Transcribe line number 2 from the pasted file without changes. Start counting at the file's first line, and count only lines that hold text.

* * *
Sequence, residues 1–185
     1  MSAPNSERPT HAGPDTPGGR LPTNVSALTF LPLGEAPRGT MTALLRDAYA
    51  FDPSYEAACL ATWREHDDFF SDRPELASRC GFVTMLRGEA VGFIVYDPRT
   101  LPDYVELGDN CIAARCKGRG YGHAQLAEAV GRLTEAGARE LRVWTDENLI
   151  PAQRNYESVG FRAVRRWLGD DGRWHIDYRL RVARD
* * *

     1  MSAPNSERPT HAGPDTPGGR LPTNVSALTF LPLGEAPRGT MTALLRDAYA